There is a website / blog dedicated to lab lit : LabLit refers to fiction that is specifically about laboratory culture and the perceptions of that culture. The site is edited by the science writer Jennifer Rohn and she and others (mainly younger writers) dedicate themselves to writing about the science environment, stories that take place in the lab. If you want to find out more, you can also listen to a podcast and read some more about this here. I recently read Rohn’s book ‘The Honest Look’, which was published in paperback in November last year.
The Honest Look is a good story, and as well as being what the label on the tin says, i.e. a novel about a young scientist who becomes entangled in the ethics, deceptions and ruthless ambitions of scientists working in a start up biotech company in The Netherlands, Rohn also has quite interesting comments on writing poetry. Claire, the protagonist in this story, constantly remembers her father who was a poet and who taught his young daughter word exercises that are very similar to the techniques taught in creative writing classes. ‘Describe that tree’, he tells her, ‘now imagine the tree is under water’, ‘imagine it is up in the sky’, ‘do not use adjectives’, etc.
When choosing her undergraduate study, however, Claire opts for science, rather than literature. She never loses the literary bent, however, and writing becomes her hobby. Only at the very end of the story does the relationship with her father, and her reason for her unease about his death, unravel.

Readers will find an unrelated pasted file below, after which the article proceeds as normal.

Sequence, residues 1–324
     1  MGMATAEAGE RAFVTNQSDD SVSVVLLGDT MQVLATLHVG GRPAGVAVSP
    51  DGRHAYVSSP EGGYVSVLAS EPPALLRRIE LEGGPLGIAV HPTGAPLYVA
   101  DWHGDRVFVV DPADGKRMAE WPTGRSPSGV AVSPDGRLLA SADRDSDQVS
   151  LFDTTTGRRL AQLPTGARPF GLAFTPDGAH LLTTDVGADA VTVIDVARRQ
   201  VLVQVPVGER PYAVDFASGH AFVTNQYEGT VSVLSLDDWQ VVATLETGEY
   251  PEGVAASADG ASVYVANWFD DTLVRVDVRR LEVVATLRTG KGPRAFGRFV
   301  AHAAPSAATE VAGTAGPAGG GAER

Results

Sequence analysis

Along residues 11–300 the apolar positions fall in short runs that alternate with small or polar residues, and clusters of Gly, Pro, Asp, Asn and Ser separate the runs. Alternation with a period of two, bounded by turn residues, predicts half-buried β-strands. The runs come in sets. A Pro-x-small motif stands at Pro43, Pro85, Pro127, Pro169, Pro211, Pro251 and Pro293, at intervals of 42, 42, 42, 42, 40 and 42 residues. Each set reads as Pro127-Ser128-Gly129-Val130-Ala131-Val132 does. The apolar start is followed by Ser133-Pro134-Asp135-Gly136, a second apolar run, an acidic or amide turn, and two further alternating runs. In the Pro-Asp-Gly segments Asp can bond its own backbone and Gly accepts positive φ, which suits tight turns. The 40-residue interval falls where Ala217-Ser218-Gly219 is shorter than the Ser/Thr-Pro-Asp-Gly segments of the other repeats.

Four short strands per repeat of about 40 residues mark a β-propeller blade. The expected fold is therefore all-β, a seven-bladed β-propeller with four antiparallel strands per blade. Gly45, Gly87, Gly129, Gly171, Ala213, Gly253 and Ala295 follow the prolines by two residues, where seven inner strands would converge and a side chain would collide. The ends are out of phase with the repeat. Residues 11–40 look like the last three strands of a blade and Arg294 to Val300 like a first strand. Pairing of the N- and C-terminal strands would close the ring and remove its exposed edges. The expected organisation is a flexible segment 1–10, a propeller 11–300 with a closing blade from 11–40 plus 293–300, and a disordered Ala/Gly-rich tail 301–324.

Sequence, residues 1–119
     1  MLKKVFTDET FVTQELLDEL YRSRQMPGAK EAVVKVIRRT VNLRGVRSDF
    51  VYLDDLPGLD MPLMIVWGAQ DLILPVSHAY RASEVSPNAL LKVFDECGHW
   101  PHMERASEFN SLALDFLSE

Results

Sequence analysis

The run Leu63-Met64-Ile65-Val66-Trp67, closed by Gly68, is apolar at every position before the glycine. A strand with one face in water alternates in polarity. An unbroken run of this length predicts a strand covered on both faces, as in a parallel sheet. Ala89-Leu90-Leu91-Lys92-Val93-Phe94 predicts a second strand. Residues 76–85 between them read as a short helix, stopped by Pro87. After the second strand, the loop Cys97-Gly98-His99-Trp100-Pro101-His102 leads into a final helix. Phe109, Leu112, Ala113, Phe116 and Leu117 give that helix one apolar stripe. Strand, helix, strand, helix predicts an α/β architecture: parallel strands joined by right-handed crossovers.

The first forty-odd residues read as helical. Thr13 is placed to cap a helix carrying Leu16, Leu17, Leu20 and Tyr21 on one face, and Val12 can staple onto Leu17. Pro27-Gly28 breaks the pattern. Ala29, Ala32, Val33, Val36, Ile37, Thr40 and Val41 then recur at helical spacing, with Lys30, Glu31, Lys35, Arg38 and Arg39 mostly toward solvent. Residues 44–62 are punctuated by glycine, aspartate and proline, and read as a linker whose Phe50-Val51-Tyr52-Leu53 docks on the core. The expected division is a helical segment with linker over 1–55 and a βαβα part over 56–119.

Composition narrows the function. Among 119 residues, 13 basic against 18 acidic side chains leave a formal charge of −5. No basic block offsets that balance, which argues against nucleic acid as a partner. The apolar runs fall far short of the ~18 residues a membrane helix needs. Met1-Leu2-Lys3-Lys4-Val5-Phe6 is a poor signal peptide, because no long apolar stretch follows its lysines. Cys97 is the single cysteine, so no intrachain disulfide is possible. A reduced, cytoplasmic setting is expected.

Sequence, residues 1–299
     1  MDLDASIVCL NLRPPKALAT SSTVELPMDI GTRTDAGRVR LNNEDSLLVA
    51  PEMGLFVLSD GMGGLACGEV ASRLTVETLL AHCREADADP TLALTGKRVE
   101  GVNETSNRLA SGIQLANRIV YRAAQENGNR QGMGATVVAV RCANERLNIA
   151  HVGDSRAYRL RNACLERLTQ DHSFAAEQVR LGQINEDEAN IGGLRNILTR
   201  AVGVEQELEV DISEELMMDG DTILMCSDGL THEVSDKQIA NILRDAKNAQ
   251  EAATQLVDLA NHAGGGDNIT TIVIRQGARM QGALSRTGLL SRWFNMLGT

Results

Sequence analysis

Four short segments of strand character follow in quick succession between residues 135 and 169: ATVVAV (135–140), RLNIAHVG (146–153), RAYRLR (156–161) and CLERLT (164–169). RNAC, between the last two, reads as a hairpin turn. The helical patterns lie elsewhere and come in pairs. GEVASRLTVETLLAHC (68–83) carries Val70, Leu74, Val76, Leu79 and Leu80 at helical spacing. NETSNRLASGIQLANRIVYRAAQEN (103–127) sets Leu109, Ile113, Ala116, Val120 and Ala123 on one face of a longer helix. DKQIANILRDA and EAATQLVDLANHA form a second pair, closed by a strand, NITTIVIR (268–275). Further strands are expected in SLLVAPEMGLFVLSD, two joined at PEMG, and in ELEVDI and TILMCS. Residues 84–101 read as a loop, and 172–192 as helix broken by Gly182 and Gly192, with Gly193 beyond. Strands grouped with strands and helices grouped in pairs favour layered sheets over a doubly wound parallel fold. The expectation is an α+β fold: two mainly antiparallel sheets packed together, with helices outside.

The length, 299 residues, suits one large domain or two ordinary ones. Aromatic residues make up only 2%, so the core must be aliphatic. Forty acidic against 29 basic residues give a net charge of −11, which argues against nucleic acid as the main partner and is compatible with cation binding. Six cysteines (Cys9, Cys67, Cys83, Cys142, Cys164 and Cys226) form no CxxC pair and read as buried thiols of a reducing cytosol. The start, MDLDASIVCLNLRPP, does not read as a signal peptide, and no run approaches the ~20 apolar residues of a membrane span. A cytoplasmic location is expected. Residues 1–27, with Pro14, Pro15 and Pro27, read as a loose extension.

That is not the main story though. Claire is offered her first post PhD job with the biotech company, NeuroSys, in the Netherlands. The choice of the Netherlands as a setting is also very interesting (for me, at any rate) and I think Rohn manages to get the Dutch character and attitudes to the expat English community to a tee.
Being Dutch, but having lived most of my life abroad and understanding the discomfort you find yourself in when engaging with a group of ‘natives’, because somehow or other you just don’t quite fit in (anymore), this book is a treat. The descriptions of Amsterdam, its cafes and inhabitants outside the tourist areas, the evocation of the mood, they are all excellent and it is noticeable that Rohn spent time living there, is aware of the nuances.
Again, this is not the main story, but its setting. The reason the story is filed under ‘lab lit’ has to do with Claire working in science, and a mystery that unfolds around science questions and ethics, and an environment which is firmly set in basic and applied science, within an expat community in the Netherlands.
As a teacher of technical English (lab English), so many years ago, I used to read the new scientist, bits of Nature and other magazines to try and understand at least at the level of popular science what was going on. This is therefore familiar territory and I did enjoy the atmosphere that is evoked of an international community of scientists working on the edge of new and potential lucrative discoveries, and the way these relationships develop, the jealousies, the suspicions, the differences in approach. This environment combined with her own insecurities and background explains ultimately what makes Claire do what she does and discover who and what she is.
I would definitely classify this as an enjoyable read and a good story.
- The Honest Look [book review] (guardian.co.uk)